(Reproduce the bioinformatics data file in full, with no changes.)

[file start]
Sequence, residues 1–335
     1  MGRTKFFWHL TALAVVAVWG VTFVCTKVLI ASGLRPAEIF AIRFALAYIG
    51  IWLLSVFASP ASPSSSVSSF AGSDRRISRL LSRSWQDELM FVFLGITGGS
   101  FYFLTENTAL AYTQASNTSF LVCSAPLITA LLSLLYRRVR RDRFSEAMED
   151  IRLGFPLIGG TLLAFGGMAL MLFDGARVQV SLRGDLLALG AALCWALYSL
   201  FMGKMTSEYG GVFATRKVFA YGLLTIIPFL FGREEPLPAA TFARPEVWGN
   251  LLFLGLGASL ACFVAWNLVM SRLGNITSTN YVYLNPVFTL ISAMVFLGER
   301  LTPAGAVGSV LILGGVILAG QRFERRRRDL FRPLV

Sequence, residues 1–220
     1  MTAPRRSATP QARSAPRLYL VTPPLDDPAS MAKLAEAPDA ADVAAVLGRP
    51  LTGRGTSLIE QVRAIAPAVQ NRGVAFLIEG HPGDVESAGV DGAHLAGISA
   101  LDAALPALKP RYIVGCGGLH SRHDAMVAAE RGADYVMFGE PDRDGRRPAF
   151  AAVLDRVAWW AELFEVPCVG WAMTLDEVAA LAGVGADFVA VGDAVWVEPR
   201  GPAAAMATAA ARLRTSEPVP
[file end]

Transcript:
Sequence, residues 1–335
     1  MGRTKFFWHL TALAVVAVWG VTFVCTKVLI ASGLRPAEIF AIRFALAYIG
    51  IWLLSVFASP ASPSSSVSSF AGSDRRISRL LSRSWQDELM FVFLGITGGS
   101  FYFLTENTAL AYTQASNTSF LVCSAPLITA LLSLLYRRVR RDRFSEAMED
   151  IRLGFPLIGG TLLAFGGMAL MLFDGARVQV SLRGDLLALG AALCWALYSL
   201  FMGKMTSEYG GVFATRKVFA YGLLTIIPFL FGREEPLPAA TFARPEVWGN
   251  LLFLGLGASL ACFVAWNLVM SRLGNITSTN YVYLNPVFTL ISAMVFLGER
   301  LTPAGAVGSV LILGGVILAG QRFERRRRDL FRPLV

Sequence, residues 1–220
     1  MTAPRRSATP QARSAPRLYL VTPPLDDPAS MAKLAEAPDA ADVAAVLGRP
    51  LTGRGTSLIE QVRAIAPAVQ NRGVAFLIEG HPGDVESAGV DGAHLAGISA
   101  LDAALPALKP RYIVGCGGLH SRHDAMVAAE RGADYVMFGE PDRDGRRPAF
   151  AAVLDRVAWW AELFEVPCVG WAMTLDEVAA LAGVGADFVA VGDAVWVEPR
   201  GPAAAMATAA ARLRTSEPVP